Is it illegal to drink alcohol while paddling my canoe in Washington?

It is illegal to have a blood alcohol concentration (BAC) of 0.08% or higher. It’s also illegal to have a marijuana consumption level of higher than 5.0 nanograms.

Here are some of the particulars and the penalities:

  • It is a gross misdemeanor that is punishable by up to a $5,000 fine and up to a year in jail.
  • Officers with probable cause can ask the boat operator to submit to a breathalyzer test. If the boater refuses to take the test, he or she will be issued a Class 1 Civil Infraction.
  • The maximum penalty for refusal to take a breathalyzer test is $1,000; however, RCW 3.62.090(the public safety and education assessment) adds 105% to the penalty, so the total fine could be up to $2,050.
  • The legal limit for operating under the influence of alcohol on our waterways is .08 and the legal limit for boating under the influence of marijuana is 5.0 nanograms.
  • The law applies to all boats, motorized and non-motorized, which includes, kayaks, canoes and rafts.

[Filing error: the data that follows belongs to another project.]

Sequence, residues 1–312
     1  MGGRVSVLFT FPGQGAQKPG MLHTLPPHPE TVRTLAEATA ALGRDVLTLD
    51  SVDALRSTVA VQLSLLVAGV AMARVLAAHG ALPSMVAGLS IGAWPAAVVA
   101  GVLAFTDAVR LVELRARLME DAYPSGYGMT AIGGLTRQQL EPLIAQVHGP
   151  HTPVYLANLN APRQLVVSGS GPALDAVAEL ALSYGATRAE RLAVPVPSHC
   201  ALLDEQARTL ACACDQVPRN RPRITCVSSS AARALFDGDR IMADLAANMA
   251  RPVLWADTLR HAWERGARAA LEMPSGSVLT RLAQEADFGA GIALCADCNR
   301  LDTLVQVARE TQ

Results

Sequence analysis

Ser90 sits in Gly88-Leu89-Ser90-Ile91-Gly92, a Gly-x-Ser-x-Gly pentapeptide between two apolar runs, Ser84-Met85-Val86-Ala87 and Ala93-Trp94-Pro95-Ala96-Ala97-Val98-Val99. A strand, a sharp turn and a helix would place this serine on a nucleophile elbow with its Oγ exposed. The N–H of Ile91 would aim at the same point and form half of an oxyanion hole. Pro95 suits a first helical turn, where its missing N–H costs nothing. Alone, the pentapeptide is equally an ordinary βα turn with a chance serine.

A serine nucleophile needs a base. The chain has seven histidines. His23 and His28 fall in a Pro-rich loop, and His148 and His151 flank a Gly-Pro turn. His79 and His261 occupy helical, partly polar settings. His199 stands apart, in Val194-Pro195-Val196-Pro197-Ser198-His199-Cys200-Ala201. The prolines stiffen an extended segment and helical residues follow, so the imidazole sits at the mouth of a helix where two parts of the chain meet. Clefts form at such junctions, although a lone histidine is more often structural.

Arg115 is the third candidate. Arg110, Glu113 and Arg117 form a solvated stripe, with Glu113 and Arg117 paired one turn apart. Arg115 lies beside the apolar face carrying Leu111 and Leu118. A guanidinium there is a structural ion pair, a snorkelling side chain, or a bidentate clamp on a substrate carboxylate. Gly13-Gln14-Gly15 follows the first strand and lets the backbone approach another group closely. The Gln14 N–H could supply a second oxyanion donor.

Washington Boating Emergency Equipment Requirements

Every state has a slightly different take on what is required or suggested regarding life jackets. I’m a pretty good swimmer, but it’s just become a habit now for me to wear a PFD at all times. In my case, I’ll cheat a bit and take it off or open it for a while if it’s insanely hot and the water is calm, but as a rule, I’d say wear one all the time!

What are the required items I’ll need legally while canoeing/kayaking in Washington?

You’ll need a number of items of gear for legal and safe travel on Washington’s waterways.

Life Jackets – You will be required by law to have a readily accessible and wearable PFD (personal flotation device) for everyone on board your craft.

Federal laws say that anyone under the age of 13 must wear a US Coast Guard-approved PFD in any vessel less than 19 feet long.

Of course, if you’re in a canoe (especially in big waters) with a kid of any age, it’s virtually a no-brainer to ALWAYS have him/her wearing a PFD.

Throwable Flotation Device – Not mandatory

Visual Distress Signals – The minimum requirement is that you have a flashlight, and if you’re staying out overnight (not just a little after sunset), you’ll need a bright white light visible from all angles. However, you’ll need a few flares if you’re on Federal waterways (ocean) at all times.

Sound Devices – Washington boating laws state that you’ll need a loud sound-making device audible for at least half a mile, and deployable in enough time to prevent a collision in low visibility conditions.